This post accounts for my efforts with sound compression as of late. …It gets a little technical… just a little. But a Long Read, nonetheless. (Also, keep in mind that my advice is not professional; follow it at your own risk.)
It’s always great when I get a new CD— songs I’ve never heard or heard at full quality with good equalization… or never got the chance to analyze… to just… have. From The Beatles (of course) to Simon & Garfunkel, and even music samplers… to be honest, I don’t have very many albums. But when it comes to what I have, I would rather have the best quality.
To the untrained listener, a conventional MP3 may be an acceptable means of owning a song. But I’m not an untrained listener (self-educated, though). All sorts of psychoacoustic tricks are deployed to fool the listener to save space. To settle on a “standard” of 160 kilobits/second is to settle on a fairly low quality for the buck. Even a rip-off, considering listening tests found the minimum bit rate for transparency to be in the 200s. That is to say, 160 kbps is not nearly enough to substitute a CD, for most music. …But many people settle for less, it seems. And, for a period of time, so did I.
When I began ripping CDs to the new computer, I thought the 320k MP3 setting was fine that I even burned a copy of Abbey Road (because the original was getting dirty), plus another in MP3 form (a two-in-one disc). …Boy, was I wrong. I was an idiot to assume the ripped songs were close to the originals— such an idiot that I assumed the spectrograms, when viewed in Audacity, looked much like the originals… without looking at the originals. It was months later, after I made MP2s for results of the NES emulator I work on, that I discovered that MP2 doesn’t deliver very good results… I didn’t need to go far in my analysis of the ripped MP3s. Listening to Green Day’s “Maria” at half-rate, the artifacting was not only audible, it was awful… And this was supposedly the best MP3 quality the Windows Media Player encoder could offer! …So I kind of wasted a blank CD, and had to redo the songs on phone. (I use the smartphone to play music in the living room and now sometimes in the car.)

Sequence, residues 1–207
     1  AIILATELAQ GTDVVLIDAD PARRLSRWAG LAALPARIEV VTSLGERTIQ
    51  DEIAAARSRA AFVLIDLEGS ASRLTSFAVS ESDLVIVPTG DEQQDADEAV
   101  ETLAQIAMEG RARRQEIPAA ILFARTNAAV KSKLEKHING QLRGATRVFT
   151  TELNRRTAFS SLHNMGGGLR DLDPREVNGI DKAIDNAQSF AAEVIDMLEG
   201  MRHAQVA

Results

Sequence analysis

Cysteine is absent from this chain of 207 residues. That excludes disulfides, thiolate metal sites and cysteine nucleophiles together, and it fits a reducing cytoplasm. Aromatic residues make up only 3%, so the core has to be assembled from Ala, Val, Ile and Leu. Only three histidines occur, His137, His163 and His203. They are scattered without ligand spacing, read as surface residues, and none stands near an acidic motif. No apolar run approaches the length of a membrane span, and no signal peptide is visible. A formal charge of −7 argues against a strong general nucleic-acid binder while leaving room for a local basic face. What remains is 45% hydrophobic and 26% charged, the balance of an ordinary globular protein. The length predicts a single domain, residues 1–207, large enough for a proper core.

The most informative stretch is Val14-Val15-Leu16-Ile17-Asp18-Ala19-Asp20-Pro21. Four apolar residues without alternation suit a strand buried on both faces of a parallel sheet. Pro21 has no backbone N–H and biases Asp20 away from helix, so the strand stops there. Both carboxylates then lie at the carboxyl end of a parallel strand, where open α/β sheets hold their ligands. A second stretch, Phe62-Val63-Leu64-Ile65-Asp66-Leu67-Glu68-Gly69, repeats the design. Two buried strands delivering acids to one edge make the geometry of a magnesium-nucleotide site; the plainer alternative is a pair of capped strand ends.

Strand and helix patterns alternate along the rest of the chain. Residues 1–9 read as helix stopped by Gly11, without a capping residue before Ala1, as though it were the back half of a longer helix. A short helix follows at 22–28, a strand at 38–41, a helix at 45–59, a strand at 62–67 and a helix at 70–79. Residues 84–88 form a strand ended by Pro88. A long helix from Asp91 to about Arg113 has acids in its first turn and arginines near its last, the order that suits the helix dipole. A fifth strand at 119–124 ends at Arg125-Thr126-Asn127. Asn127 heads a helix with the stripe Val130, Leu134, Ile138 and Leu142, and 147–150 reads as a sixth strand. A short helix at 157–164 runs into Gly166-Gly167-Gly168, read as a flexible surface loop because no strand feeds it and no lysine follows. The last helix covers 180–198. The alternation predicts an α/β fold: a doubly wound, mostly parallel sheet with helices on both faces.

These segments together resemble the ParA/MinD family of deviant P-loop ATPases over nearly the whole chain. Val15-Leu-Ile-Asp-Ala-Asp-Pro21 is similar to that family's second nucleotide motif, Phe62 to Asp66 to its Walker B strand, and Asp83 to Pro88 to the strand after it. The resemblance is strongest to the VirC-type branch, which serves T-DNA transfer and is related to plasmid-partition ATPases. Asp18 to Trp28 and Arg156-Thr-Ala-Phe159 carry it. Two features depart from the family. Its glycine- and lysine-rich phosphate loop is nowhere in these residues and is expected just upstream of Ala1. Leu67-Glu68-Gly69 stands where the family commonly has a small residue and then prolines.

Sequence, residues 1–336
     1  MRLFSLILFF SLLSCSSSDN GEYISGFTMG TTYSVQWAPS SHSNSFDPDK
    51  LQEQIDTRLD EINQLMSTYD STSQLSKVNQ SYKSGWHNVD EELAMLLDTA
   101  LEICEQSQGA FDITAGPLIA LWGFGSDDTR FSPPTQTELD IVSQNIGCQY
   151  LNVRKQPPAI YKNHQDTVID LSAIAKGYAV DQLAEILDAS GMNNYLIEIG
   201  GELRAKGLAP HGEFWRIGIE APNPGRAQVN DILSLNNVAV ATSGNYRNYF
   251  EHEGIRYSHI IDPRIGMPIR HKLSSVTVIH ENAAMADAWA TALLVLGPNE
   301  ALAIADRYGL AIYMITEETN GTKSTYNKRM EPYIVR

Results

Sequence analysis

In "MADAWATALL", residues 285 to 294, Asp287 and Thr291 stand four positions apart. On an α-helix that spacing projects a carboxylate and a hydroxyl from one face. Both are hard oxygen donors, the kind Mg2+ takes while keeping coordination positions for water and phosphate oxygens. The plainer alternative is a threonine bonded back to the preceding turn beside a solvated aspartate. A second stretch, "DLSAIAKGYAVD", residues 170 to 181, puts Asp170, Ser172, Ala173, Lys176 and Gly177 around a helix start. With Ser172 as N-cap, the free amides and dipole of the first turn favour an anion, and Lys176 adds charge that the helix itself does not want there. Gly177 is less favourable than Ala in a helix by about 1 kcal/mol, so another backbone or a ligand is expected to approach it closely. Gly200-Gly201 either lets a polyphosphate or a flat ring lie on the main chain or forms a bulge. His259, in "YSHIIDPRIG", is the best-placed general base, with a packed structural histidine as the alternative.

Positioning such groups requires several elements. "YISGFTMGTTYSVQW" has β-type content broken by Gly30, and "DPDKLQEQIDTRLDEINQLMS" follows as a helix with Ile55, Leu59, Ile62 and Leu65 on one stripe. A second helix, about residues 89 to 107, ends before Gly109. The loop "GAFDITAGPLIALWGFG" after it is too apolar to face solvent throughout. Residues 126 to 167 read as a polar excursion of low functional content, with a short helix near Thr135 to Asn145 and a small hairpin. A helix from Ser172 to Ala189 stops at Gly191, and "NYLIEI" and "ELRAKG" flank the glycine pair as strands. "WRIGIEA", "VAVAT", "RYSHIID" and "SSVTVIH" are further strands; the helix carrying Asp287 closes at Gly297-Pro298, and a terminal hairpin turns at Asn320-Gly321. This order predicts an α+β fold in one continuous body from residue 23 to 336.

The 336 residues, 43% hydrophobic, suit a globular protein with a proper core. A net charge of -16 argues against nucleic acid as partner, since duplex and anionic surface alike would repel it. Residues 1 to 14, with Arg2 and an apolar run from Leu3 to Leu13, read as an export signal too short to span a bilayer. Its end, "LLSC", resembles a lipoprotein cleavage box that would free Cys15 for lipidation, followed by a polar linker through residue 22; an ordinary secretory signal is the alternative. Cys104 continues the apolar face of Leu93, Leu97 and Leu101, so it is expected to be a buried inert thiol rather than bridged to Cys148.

Now, the problem wasn’t that MP3 encoding is incapable of good sound. A format from the ’90s, yes, but… many encoders do a poor job at quality. The ripper likely uses a conventional LAME encoder, which is… well… lame.
(Side note: due to resolution and different methods used, use of spectrograms is not entirely reliable when it comes to determining quality, although some graphs may reveal an obviously lower quality, with the above image as an example. All spectrograms in this post were made with Audacity, Gaussian a=4.5, window size=8192.)
It took a bit of trial and error, downloading other encoders, even newer versions of LAME… The results weren’t great. It was as if everyone settled for less, given what I found most people had been using all over the internet.
It turns out, I already had the best I could find, and it came with the NCH Switch audio converter. (I should note that a lot of the NCH software is very buggy.) There’s still some audible loss during loud acoustics, but it’s okay to my trained ears. There’s indication that the encoder uses a modified version of LAME 3.8x… The results look nothing like the official 3.8x, though.
I’m sure many people in the field would disagree with me, thinking generic LAME is fine, and I know there have been listening tests… It boggles my mind. The fact remains: You’re not doing yourself any favors by settling with very lossy compression when you don’t have to, and worse when it’s not the best quality for the format.
I began ripping CDs losslessly (Windows Media Audio), and never went back. But I never stopped looking for better.
As for the lossless formats (because that’s the only real way to archive content while saving space), I found FLAC (free, and even has free in its name: Free Lossless Audio Codec) did a better job than WMA. ALAC (Apple’s lossless format) sits in between the two, but is not widely supported.